Ensuring roadworthiness with a TMS
09 Feb 24
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Lockdown measures, social distancing laws and general public uncertainty have forced many across the globe to adopt e-commerce. As a result, customers are discovering the true convenience of online shopping. They want to be able to shop on the fly, without setting foot in a store and they expect the product to be delivered to their doorstep in record time.
With companies like Amazon raising the standard for next day delivery and customer service, logistics organisations are having to up their game to compete. How is the industry evolving to cope with this increased demand – and how can individual businesses strategically adapt to meet the new consumer expectations?
“The COVID-19 pandemic has accelerated the shift towards a more digital world. The changes we make now will have lasting effects as the world economy begins to recover.”
– Mukhisa Kituyi, UNCTAD Secretary-General
Online shopping has been around since the mid-90’s, but it has only become truly mainstream recently. Internet sales as a total percentage of sales in the UK rocketed from 2.8% in November 2006 to 18.9% in February 2020 – and then shot up again to 30% in April 2020 because of the pandemic.
Even as Britain reopens and high streets resume trade, the unprecedented shift toward online shopping has maintained considerable momentum. The convenience of shopping online for typically in-person items like groceries will keep them coming back in the years to come.
Supply chains have their work cut out for them as they keep up with fluctuations in demand and preference. Keeping stores and warehouses fully stocked for online order distribution is already proving to be an incredible logistical challenge!
According to research by real estate firm Knight Frank, the expansion of e-commerce might create demand for 92 million sq ft of warehouse space in the UK by 2024. This prediction is easy to rationalise – with retailers ramping up their online operations, many are carrying an excess of inventory with no place to store it.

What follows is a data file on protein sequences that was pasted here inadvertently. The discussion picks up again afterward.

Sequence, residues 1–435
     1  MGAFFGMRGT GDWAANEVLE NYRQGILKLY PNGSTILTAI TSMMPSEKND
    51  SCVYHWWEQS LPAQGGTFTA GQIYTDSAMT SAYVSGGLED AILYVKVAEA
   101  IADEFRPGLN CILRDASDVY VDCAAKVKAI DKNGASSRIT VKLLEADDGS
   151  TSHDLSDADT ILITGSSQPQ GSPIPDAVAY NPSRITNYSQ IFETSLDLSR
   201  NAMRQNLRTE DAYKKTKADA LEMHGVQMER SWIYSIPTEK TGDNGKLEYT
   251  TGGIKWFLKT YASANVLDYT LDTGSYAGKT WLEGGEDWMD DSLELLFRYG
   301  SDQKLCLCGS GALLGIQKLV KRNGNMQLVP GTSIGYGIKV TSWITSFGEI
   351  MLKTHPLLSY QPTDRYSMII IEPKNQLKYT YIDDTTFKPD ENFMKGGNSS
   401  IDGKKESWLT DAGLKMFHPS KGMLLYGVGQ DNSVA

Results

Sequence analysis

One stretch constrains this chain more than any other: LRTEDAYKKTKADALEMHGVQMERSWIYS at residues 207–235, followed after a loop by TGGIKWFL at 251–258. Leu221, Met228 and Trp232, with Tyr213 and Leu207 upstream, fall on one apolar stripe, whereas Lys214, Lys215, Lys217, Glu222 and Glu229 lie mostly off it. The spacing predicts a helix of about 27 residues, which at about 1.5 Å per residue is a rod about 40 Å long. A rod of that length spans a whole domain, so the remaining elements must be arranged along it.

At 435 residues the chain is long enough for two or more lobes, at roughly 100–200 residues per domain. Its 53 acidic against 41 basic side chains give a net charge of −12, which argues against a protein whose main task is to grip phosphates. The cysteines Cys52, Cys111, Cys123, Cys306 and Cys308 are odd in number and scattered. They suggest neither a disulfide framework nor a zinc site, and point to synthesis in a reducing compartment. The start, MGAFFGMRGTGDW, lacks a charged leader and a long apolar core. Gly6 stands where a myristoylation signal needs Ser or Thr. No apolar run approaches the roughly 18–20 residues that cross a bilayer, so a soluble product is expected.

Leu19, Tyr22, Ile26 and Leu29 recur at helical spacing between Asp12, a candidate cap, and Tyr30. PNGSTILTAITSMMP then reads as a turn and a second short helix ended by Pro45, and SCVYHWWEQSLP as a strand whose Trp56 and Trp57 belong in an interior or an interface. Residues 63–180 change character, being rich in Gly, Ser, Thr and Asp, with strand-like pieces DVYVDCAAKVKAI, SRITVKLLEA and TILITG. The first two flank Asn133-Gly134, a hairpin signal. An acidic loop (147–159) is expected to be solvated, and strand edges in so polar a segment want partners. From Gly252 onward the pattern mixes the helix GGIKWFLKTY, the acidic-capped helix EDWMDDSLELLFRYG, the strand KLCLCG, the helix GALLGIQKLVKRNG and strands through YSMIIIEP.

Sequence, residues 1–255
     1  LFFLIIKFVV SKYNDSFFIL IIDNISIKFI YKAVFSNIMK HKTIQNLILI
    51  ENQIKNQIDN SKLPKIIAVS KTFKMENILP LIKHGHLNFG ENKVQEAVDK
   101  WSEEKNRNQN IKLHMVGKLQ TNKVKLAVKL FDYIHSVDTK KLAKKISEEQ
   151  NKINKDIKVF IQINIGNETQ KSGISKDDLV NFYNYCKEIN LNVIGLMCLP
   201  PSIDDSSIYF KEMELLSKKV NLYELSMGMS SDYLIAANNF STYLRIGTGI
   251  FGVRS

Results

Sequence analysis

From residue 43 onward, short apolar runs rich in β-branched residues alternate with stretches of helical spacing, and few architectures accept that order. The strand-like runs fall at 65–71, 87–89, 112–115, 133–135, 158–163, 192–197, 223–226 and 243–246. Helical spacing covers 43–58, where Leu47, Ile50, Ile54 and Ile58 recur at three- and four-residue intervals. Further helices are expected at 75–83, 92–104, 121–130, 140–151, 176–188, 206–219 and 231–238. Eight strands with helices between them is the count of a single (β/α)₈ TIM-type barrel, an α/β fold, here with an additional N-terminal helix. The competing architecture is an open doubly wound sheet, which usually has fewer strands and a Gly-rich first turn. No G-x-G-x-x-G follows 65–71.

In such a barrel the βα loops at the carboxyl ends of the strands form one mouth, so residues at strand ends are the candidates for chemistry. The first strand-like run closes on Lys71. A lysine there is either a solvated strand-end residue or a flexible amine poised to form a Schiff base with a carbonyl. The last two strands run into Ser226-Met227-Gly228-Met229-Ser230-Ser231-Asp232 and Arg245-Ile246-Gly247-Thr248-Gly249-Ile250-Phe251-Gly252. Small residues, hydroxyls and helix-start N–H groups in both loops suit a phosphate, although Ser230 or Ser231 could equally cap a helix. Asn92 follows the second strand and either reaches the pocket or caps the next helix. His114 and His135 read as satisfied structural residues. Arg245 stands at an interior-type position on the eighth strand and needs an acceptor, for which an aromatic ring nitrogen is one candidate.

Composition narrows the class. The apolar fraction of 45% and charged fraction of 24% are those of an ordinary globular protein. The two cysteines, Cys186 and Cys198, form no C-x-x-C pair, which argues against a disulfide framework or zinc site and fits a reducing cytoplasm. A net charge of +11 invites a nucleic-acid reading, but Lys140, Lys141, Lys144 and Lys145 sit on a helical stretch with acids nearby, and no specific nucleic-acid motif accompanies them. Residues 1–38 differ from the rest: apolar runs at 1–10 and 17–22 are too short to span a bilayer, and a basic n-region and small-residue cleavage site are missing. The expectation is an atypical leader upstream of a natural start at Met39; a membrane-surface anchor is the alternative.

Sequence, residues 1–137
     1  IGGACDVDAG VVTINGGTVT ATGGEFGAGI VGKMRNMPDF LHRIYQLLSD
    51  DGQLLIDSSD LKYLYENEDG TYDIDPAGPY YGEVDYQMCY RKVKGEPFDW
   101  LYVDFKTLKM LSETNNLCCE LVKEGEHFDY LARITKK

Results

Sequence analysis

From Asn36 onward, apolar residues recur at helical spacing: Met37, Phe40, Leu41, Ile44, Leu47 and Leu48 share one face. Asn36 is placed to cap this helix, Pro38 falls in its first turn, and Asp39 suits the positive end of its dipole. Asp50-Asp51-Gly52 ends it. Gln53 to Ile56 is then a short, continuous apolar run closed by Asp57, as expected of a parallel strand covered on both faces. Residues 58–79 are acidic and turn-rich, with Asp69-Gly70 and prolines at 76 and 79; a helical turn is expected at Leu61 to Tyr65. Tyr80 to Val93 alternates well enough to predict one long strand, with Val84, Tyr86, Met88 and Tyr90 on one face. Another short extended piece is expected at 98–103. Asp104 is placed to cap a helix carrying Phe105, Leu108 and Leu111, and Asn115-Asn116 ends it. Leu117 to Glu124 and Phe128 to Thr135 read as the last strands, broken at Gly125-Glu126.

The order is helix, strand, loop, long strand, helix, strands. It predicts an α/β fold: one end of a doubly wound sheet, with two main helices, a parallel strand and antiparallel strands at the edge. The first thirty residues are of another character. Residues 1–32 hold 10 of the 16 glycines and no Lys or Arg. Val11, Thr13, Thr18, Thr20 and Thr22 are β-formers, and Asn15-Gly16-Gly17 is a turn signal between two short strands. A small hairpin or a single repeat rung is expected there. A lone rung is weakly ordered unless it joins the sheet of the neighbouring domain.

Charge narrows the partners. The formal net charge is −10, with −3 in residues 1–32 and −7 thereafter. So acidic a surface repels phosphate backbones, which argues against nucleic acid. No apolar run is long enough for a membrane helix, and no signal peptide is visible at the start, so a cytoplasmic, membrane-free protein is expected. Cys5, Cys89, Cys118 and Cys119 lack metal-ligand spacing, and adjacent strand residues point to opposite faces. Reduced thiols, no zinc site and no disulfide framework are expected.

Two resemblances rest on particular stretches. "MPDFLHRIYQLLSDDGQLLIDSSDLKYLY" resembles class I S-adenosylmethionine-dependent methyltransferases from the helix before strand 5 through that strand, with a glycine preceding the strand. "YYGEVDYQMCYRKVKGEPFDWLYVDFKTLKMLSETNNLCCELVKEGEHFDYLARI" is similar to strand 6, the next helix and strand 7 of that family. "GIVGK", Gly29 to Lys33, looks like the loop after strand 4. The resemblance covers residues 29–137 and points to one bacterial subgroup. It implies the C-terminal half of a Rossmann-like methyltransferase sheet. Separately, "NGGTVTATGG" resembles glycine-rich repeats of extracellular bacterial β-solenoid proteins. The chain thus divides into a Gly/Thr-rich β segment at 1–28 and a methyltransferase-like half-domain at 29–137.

E-commerce isn’t the only factor influencing the race for warehouse space. Due to Brexit, UK businesses are no longer able to rely on frictionless trade with neighbouring countries. As a result of this, the British logistics industry has become heavily reliant on warehousing.
Of course, having more space isn’t particularly helpful if you can’t efficiently manage the stock within it. The secret sauce is to have a technological platform that is robust enough to handle basically anything you throw at it!
From warehouse to client; the key to providing an Amazon-level service is enhanced visibility. A transport management system (TMS) – particularly one that includes warehouse management (WMS) capabilities or is seamlessly integrated with an enterprise WMS – collects data at every step of the process. This allows shippers to track freight across multiple modes, build application programming interfaces (APIs) with regional parcel carriers and consolidate packages for delivery to a carrier’s regional hubs.
The level of visibility provided by a TMS enables logistics companies to employ a more elastic approach to their operation. They are therefore able to cope with demand spikes or falls caused by major events such as holidays and lockdowns.
When integrated with AI advancements, a TMS also serves as an early warning system. The technology is able to forecast risks, costs, and demand to guarantee the high-quality delivery service that customers have come to expect over the past year.
It’s clear that technology is transforming the way we shop – therefore it needs to influence the way we run our businesses. TrackTrans offers a comprehensive TMS that includes an intuitive ePOD application backed by warehouse management, reporting and business insight that enables you to navigate through the challenging road ahead.
Try our free demo today and digitise your business with TrackTrans today.
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